in this case, 2.84 / 6.0 = 47.3%. Therefore, the setting would be at 47% and above the 30% mark. If, however, you
were diluting the chlorine (say 3 parts water to 1 part chlorine), you would need to select a 24 gpd since the daily
output would be 11.36 gallons of solution. (8.52 + 2.84 = 11.36­) Remember, proper sizing is critical! Check the individual specification sheets and contact your Distributor or WaterSoft with questions.
- 21 -
Tannin/Hardness Technical Information
The following is not intended to replace attending technical training programs or reading of installation instructions. It should be viewed as a general discussion about the product, its application, limitations and key factors to
remember before purchase.
PURPOSE and CAPABILITIES: The Tannin/Hardness ion exchange equipment is designed to remove (exchange)
water hardness ions (calcium & magnesium) and organic tannins from water supplies using a combination of specialized resins as catalyts using salt (sodium) as the regenerant. Water passes downwardly through the mineral
bed where the ion exchange takes place. These systems can easily remove hardness and tannins when they
occur in water (depending on the cubic foot capacity). They cannot remove iron, manganese, sulphur and other
water constituents. Attempting to do so may cause problems of bed fouling and hardness/tannin breakthrough.
Always check with WaterSoft before attempting anything other than standard applications!
HARDNESS TABLE
Soft
0 - 3.5 gpg
Moderately Hard
3.5 - 7.0 gpg
Hard
7.0 - 10.5 gpg
Very Hard
10.5 + gpg
Note: “gpg” means grains per gallon.
WATER TESTING: Always test the raw water supply for at least the following: 1) Hardness; 2) Iron; 3)
Manganese; 4) pH; 5) Tannins; 6) Hydrogen Sulfide (if rotten egg odor is present); 7) Chlorine (if on treated water
supply). Consult specification sheet to check for limitations.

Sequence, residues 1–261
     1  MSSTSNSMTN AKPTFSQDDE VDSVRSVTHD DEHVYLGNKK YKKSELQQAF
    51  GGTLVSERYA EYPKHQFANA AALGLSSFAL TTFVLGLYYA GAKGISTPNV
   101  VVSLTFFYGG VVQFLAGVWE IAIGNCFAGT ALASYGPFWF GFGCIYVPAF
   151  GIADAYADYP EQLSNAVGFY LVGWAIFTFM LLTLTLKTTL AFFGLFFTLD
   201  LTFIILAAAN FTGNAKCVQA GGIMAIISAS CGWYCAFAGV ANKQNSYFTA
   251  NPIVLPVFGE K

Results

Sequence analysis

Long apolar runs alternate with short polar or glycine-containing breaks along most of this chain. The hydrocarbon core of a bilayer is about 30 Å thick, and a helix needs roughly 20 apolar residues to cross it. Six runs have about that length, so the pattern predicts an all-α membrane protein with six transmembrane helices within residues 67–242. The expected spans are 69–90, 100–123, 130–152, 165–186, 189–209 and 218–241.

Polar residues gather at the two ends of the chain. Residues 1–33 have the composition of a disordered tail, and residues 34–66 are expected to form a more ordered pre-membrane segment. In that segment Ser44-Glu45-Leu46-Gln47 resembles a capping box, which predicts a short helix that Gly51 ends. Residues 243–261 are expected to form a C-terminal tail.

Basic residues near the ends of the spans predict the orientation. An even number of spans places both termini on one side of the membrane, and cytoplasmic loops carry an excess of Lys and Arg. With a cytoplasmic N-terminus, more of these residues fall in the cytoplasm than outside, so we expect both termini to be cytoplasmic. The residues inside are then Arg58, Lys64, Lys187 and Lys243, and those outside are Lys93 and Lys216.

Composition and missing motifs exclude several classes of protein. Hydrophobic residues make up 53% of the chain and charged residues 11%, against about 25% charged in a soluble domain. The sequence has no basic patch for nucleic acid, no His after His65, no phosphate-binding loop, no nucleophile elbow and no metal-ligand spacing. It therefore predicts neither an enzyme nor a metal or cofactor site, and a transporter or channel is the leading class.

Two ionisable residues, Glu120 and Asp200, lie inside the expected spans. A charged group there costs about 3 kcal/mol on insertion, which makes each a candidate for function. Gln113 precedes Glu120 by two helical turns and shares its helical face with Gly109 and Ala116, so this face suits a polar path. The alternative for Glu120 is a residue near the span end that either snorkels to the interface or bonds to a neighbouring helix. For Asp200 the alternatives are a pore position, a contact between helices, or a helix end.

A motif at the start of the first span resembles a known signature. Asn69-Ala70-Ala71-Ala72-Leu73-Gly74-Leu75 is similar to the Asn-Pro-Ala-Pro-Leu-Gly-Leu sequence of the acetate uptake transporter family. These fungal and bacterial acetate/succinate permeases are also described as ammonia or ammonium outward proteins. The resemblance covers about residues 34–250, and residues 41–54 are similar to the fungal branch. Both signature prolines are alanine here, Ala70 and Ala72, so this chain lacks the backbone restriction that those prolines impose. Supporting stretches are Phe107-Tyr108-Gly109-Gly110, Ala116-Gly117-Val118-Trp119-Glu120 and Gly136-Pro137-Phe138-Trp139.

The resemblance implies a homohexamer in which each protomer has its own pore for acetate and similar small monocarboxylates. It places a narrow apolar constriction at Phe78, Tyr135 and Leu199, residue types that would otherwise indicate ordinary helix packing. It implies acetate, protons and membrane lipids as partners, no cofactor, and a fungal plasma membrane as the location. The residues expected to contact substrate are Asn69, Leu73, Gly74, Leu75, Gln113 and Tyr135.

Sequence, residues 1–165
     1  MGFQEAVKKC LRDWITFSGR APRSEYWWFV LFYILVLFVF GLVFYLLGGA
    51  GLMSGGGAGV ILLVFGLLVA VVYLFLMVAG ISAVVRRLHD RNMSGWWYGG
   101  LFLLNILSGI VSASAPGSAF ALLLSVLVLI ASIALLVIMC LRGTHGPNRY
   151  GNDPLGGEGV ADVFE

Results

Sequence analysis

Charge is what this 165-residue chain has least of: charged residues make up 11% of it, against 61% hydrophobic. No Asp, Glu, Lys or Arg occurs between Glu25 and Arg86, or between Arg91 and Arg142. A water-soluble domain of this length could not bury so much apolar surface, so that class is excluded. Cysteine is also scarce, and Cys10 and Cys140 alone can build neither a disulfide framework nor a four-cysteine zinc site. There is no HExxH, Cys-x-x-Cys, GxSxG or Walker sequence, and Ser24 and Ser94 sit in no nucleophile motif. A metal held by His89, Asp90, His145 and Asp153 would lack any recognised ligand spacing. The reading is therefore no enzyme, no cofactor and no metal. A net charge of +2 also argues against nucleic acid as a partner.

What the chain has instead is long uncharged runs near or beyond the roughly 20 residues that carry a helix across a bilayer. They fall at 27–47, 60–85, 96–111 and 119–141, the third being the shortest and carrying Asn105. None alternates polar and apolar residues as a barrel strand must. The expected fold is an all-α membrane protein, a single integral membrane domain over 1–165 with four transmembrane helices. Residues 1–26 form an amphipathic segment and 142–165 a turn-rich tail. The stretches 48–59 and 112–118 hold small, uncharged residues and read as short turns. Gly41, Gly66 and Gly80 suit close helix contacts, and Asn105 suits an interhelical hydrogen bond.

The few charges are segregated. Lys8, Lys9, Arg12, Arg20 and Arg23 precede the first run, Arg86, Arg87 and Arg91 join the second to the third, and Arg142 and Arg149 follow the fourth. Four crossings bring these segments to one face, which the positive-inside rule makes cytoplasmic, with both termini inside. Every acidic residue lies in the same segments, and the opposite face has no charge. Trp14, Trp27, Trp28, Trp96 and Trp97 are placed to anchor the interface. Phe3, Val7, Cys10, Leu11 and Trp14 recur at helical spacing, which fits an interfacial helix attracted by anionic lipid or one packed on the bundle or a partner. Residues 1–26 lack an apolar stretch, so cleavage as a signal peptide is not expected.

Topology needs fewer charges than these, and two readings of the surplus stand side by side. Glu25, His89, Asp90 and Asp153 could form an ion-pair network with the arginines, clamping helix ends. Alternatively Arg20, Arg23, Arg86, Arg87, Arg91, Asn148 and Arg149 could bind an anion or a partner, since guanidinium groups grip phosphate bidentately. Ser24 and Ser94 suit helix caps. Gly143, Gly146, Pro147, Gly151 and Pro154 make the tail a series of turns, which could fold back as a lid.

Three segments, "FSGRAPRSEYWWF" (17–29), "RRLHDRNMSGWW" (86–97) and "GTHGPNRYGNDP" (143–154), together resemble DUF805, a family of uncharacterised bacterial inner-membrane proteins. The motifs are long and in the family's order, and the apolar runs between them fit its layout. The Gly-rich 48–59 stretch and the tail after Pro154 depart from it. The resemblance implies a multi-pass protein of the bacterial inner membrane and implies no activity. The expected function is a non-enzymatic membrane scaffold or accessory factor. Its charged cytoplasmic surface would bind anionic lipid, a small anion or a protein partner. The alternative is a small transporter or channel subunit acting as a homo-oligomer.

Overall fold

RAW WATER LIMITATIONS
Free Chlorine
Turbidity
0.1 ppm
5 units
Iron
0.50 ppm
Manganese
0.50 ppm
Hydrogen Sulfide
0.1 ppm
Note: “ppm” means parts per million - “gpg” means grains per gallon.
NOTE: For Limitations, Installation, Programming and Maintenance, refer to the Softener Technical Information
Guide as Tannin/Hardness units have the same requirements.
- 22 -
R/O Technical Information
The following is not intended to replace attending technical training programs or reading of installation instructions. It
should be viewed as a general discussion about the product, its application, limitations and key factors to remember
before purchase.
PURPOSE and CAPABILITIES: Reverse Osmosis systems are highly specialized water treatment devices that deal
with contaminants at the molecular level. Influent water passes through a membrane that allows water to pass to a
storage tank (service) and rejects the contaminants running them to a drain. They work very slowly to produce high
quality water and must have significant water pressure in order to work properly. The TDS (total dissolved solids) are
significantly reduced through R/O systems.
LIMITATIONS: An R/O system must receive water that is pretreated for best results. Iron, manganese, hydrogen sulfide, and hardness should be reduced to minimum levels. They are limited to small quantities of output water per day
with TFC (Thin Film Composite) systems upwards of 25-35 gallons per day. Check the individual specification sheets
for requirements and limitations.
WATER TESTING: Always test the raw water supply for at least the following: 1) Hardness; 2) Iron; 3) Manganese;
4) pH; 5) Tannins; 6) Hydrogen Sulfide (if rotten egg odor is present); 7) Chlorine (if on treated water supply); and, 8)
TDS. Consult specification sheet to check limitations.
INSTALLATION: R/O systems are typically installed under the kitchen sink, in closets or basements with a treated line
running to the kitchen sink faucet provided with each unit.
PROGRAMMING THE SYSTEM: There is nothing to program on an R/O system. Simply connect to source plumbing